This iguana became extinct 200 years ago but scientists were able to restore the species and release 461 samples
These reptiles, which can be up to 1 meter in length, will be observed in the release area and their adaptation to their new habitat can be assessed.
Technicians from the Galapagos National Park in Ecuador have reintroduced 461 iguanas on the island of Santiago, from another in the Ecuadorian archipelago, with the aim of returning these reptiles to their extinct habitat.
The project for the ecological restoration of the Galapagueñas iguanas, belonging to the Conolophus subcristatus, began about 20 years ago on the island of Santiago.
It was developed in parallel with the eradication of predatory species such as feral pigs, donkeys and goats, which feed on all kinds of plants, and according to specialists, the habitat of the fauna endemic to the Galapagos has changed.
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A first batch of specimens was introduced in January 2019 on the island and their adaptation has benefited the ecosystem where Darwin’s finches also live, a colony of seals, sea lions and flamingos, among other native species.
The terrestrial iguana released this time in Santiago has been seized on the northern island of Seymour.
The director of the Galapagos National Park, Danny Rueda, explained that herbivores, since they eat aloe vera leaves, fruits, thorns and flowers, have a seed dispersal function within the ecosystem and are able to restore the island’s environmental integrity.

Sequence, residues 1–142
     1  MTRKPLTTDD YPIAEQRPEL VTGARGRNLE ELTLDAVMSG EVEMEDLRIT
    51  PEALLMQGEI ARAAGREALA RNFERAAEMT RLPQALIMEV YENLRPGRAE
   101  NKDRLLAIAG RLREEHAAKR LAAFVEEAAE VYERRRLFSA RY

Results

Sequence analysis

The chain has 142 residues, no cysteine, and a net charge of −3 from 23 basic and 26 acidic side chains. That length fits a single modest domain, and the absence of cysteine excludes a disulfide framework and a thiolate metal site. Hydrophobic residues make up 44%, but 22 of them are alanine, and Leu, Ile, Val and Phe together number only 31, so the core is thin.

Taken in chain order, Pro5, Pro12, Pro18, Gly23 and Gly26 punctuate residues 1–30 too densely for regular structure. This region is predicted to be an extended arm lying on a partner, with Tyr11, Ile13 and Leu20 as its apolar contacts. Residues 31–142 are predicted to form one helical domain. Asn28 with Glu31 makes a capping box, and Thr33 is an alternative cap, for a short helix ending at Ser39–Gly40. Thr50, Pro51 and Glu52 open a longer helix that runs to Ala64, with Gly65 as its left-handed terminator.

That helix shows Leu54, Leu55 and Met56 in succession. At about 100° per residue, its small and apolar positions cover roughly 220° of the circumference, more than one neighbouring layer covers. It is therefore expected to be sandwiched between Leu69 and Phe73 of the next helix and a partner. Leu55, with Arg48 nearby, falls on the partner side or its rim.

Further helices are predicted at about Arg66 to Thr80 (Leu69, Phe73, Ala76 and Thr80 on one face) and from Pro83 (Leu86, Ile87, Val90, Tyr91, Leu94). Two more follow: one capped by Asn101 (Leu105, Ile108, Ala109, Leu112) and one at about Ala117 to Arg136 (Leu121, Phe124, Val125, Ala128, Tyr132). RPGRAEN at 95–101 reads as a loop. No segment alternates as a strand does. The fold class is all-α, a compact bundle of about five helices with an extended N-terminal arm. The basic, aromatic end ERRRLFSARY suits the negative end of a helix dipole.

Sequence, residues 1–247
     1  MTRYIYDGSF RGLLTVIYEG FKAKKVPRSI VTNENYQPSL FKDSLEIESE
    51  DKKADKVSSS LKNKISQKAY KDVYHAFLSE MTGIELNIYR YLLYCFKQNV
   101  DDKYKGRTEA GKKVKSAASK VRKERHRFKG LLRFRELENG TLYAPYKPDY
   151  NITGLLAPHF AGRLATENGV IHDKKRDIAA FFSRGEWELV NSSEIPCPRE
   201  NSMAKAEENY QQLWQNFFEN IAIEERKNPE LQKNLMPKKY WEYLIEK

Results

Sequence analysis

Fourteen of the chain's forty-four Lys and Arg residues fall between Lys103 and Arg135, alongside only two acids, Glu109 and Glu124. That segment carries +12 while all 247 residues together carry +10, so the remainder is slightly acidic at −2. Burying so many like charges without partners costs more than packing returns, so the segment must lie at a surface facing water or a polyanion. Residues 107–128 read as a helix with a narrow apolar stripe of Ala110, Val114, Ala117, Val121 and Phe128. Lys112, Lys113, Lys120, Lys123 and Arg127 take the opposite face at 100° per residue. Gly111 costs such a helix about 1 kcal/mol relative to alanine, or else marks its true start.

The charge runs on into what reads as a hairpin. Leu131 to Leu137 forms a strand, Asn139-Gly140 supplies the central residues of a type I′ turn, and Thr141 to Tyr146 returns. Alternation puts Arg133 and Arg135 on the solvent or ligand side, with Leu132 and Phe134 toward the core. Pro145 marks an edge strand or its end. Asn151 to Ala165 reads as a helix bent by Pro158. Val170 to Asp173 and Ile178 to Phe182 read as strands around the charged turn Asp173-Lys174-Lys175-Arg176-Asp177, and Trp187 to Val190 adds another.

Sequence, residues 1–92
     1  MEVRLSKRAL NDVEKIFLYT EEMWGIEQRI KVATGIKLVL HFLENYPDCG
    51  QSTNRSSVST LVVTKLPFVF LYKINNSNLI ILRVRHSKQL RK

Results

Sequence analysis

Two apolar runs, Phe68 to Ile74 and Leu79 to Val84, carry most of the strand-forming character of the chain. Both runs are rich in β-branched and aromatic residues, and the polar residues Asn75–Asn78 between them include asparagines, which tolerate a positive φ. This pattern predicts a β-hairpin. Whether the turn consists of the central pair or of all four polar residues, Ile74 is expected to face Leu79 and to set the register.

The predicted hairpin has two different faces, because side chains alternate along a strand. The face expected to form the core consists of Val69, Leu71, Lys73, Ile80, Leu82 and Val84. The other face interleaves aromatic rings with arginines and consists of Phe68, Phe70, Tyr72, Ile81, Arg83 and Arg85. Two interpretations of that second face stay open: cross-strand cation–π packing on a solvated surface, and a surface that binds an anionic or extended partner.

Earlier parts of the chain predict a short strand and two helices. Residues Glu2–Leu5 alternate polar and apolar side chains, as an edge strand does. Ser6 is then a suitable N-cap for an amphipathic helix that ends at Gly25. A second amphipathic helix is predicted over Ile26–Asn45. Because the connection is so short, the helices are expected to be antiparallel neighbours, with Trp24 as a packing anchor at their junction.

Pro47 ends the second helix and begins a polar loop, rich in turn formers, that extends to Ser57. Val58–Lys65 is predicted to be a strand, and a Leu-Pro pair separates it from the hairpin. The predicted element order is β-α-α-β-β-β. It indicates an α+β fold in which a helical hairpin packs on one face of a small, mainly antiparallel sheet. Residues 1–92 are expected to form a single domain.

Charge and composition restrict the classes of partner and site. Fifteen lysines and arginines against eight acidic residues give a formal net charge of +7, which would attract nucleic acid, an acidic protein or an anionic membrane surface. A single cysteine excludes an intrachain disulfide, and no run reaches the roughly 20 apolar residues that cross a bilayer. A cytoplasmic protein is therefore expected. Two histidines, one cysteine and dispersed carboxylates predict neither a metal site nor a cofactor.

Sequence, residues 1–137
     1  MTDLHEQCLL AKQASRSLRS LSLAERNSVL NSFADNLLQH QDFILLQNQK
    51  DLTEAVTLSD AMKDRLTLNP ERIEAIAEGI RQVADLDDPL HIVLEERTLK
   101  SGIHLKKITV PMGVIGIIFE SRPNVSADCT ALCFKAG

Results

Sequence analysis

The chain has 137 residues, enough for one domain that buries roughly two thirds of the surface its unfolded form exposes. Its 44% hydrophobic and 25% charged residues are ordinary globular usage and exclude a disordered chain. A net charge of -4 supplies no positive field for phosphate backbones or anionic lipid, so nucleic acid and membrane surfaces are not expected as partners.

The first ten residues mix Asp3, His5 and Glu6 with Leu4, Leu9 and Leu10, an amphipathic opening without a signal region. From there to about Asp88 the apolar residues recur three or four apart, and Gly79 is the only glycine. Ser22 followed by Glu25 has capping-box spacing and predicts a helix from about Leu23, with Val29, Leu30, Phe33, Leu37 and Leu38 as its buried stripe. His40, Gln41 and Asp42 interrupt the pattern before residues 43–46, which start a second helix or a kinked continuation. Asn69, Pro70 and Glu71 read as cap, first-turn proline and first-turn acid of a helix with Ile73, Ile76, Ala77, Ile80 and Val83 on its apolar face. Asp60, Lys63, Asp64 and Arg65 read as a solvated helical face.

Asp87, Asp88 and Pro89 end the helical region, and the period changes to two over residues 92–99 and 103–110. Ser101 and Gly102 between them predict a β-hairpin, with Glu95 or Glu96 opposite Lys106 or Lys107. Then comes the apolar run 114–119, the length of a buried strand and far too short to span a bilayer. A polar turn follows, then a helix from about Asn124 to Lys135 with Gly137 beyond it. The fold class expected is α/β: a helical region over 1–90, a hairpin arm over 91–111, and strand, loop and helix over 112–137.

The Ecuadorian Ministry of Environment and Water has determined that environmental park rangers have been involved in the operation, responsible for catching reptiles, and it is distinctive because it is yellow in their bags. The goal is to maintain your mood to avoid stress over the species.
A specialist, Jean-Pierre Cadena, confirmed that it is an accurate and difficult to manipulate species.
“We are trying to ensure that the species do not feel threatened, with biosecurity measures, so that the animal does not experience a lot of stress at the time of its capture,” he said.
Prior to their release on the island of Santiago, 461 iguanas underwent a quarantine and pro forma data recording process that included physical examination, deworming, and labeling using an identification chip.
In this way, these reptiles, which can reach a height of 1 meter, will be observed by zoo keepers in the release area and their adaptation to their new habitat can be assessed.
National Park technicians hope its establishment will be fruitful, after checking at the end of 2020 during monitoring work for the first released specimens, juvenile specimens, burrows and potential nesting areas – between one and twenty eggs -, plus there is a check on the availability of your food.
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Management measures implemented in these islands, especially with regard to controlling and eliminating introduced species such as rodents in North Seymour (2019) and pigs, donkeys and goats in Santiago (2002 and 2006), have allowed wild iguana populations in these unique ecosystems of the island remain healthy.
The Galapagos Islands, designated in 1978 as a Natural World Heritage Site by UNESCO for the formation of a unique land and marine ecosystem in the world, are located about 1,000 kilometers from the Ecuadorian continental coast.